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Walter Cronkite and a familiar story

Walter Cronkite and a familiar story December 12, 2011

Jim Burroway of Box Turtle Bulletin shares a story about the late CBS newsman Walter Cronkite.

I’d never heard this story before, yet it’s familiar to me and, I suspect, familiar too to many others like me.

On Dec. 11, 1973:

Mark Segal of the Philadelphia-based Gay Raiders posed as a reporter for the Camden State Community College newspaper and called CBS asking permission to watch the broadcast of the CBC Evening News with the legendary Walter Cronkite from inside the studio. The network agreed, and so … he briefly interrupted the broadcast about halfway through by running up in front of the camera with a yellow sign reading “Gays Protest CBS Prejudice.”:

“I sat on Cronkite’s desk directly in front of him and held up the sign while the technicians furiously ran after me and wrestled me to the floor and wrapped me in wire — on camera,” [Segal] recalled in an interview. “The network went black while they took us out of the studio.”

Ever the professional, Cronkite reported on the event. “Well, a rather interesting development in the studio here — a protest demonstration right in the middle of the CBS News studio,” Cronkite told viewers. He later explained: “The young man was identified as a member of something called Gay Raiders, an organization protesting alleged defamation of homosexuals on entertainment programs.” Segal was charged with trespassing.

As of Dec. 10, 1973, Cronkite doesn’t seem to have given a great deal of thought toward the subject of gay rights. And why would he? It wasn’t that he had any particular antipathy toward the subject, but he was a busy enough man with an awful lot already vying for his attention, and this subject wasn’t something that touched him closely.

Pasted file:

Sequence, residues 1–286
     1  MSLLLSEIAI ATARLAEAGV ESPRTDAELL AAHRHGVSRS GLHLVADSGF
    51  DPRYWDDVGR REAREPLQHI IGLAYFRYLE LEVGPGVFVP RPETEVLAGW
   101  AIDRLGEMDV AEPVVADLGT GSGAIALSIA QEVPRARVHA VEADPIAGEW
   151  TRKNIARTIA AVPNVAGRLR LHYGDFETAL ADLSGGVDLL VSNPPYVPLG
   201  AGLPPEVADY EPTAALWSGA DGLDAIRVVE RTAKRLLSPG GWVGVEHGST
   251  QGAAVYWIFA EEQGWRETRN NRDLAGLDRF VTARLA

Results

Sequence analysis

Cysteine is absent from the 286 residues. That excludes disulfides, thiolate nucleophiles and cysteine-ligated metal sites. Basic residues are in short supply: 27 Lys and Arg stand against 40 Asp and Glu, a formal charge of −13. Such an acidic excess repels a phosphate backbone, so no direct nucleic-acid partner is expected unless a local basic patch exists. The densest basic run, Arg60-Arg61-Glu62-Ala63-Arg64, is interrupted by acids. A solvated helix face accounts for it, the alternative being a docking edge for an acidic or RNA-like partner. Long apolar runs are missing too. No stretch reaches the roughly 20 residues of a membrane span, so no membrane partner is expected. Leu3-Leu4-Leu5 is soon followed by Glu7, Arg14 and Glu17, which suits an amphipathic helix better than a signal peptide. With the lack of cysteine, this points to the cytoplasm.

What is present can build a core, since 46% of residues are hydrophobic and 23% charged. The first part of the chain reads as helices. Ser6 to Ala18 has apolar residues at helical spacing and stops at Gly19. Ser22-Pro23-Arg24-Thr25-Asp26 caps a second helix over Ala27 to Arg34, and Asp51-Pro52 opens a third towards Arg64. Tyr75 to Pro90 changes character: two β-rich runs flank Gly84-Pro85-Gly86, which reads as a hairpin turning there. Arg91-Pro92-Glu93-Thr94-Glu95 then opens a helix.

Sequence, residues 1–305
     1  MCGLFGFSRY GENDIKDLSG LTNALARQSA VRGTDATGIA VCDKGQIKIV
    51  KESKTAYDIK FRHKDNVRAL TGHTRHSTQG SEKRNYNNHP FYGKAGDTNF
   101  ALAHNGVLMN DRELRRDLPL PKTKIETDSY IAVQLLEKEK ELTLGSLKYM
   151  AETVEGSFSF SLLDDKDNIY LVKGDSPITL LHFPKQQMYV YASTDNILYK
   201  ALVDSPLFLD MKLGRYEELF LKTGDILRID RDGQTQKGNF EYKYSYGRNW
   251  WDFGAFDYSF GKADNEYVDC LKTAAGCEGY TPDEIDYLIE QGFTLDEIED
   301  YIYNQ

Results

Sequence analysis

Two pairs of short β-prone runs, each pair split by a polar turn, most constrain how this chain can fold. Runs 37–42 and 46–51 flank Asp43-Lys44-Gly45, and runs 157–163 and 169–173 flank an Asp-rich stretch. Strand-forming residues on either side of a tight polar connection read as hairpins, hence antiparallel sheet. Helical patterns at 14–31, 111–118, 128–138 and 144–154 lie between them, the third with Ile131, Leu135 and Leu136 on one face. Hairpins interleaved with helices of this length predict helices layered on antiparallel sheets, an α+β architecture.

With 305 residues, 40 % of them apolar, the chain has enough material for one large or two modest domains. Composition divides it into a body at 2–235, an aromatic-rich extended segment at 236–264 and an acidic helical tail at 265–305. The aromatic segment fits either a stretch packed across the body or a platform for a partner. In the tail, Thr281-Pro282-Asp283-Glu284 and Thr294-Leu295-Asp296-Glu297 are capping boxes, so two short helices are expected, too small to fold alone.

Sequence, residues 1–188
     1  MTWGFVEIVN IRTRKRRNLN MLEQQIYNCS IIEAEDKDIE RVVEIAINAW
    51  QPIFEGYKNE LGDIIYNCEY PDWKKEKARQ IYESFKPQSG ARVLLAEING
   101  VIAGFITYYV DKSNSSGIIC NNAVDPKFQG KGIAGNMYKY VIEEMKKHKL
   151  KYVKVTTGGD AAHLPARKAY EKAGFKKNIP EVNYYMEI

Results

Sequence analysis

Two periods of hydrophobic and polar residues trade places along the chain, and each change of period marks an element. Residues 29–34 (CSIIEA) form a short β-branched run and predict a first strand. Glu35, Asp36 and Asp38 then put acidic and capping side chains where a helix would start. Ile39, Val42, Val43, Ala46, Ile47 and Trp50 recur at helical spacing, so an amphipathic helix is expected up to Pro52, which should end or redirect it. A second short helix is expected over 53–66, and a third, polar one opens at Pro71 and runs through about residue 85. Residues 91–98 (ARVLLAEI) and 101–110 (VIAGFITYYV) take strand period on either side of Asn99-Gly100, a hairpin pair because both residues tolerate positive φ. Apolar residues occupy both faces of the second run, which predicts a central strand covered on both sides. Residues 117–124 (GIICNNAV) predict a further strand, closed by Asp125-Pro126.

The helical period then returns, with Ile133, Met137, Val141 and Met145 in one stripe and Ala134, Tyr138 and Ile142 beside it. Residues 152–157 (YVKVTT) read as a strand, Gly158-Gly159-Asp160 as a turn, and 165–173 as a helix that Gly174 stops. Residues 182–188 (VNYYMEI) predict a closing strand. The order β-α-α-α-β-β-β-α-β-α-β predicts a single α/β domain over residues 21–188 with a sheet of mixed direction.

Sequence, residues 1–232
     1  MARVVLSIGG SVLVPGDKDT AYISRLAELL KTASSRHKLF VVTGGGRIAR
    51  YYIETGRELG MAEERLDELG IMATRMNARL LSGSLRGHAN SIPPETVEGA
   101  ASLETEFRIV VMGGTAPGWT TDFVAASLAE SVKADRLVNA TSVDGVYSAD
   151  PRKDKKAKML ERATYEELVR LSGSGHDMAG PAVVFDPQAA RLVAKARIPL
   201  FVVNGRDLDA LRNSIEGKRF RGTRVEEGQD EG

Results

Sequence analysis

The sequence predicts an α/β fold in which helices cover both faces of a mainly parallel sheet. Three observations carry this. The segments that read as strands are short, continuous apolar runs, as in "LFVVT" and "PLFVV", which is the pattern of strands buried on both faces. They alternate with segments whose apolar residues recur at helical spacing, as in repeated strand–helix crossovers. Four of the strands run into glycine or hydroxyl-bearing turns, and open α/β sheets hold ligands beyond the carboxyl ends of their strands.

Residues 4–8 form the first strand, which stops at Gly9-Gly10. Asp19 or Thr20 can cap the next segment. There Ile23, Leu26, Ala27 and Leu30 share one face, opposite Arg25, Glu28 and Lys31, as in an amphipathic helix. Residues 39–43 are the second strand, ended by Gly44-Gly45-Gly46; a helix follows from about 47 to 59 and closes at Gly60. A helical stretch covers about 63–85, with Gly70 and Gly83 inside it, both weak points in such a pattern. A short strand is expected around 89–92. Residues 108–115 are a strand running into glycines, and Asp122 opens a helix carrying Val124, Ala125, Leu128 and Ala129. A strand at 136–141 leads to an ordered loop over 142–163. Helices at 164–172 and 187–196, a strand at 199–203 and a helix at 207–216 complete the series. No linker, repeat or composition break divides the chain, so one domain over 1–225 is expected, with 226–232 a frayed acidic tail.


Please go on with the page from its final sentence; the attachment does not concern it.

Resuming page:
But, as Burroway notes, his unexpected encounter with Segal changed that:

After Segal’s trial for trespassing in which his attorneys subpoenaed Cronkite to testify, the news anchor began to take an interest in Segal’s grievance. He arranged a meeting at CBS where Segal could air his complaints to management, and Cronkite’s broadcast on May 6, 1974 featured a segment on gay rights, reporting on the ten cities throughout the country that had passed legal protections for gay people.

Burroway quotes Segal from Edward Alwood’s remembrance on “Walter Cronkite and the Gay Rights Movement“:

“He was the kind of man who believed in human rights for everyone,” Segal said of Cronkite. “I am amazed and humbled by his willingness to reach out to me. He was a bridge between the gay movement and major media. We remained friends, and it was a privilege knowing him.”

Cronkite’s belief in “human rights for everyone” hadn’t been willfully circumscribed to exclude gay people, it was just something he hadn’t previously considered due to the luxury that privilege affords of not having to think about how such abstract commitments apply to others outside of our own limited sphere. An encounter with a new friend revealed a new context in which to test that belief. Does “human rights for everyone” apply to GLBT people too? Cronkite doesn’t seem to have thought much about that before, but once he was led to do so, he concluded that of course it does. And that made him a bridge and a friend and an ally.

As I said above, that story is familiar to me. New friendships can help one to see beyond the blinding boundaries of privilege, forcing one to make abstractions real, and making them, unexpectedly, personal and important.


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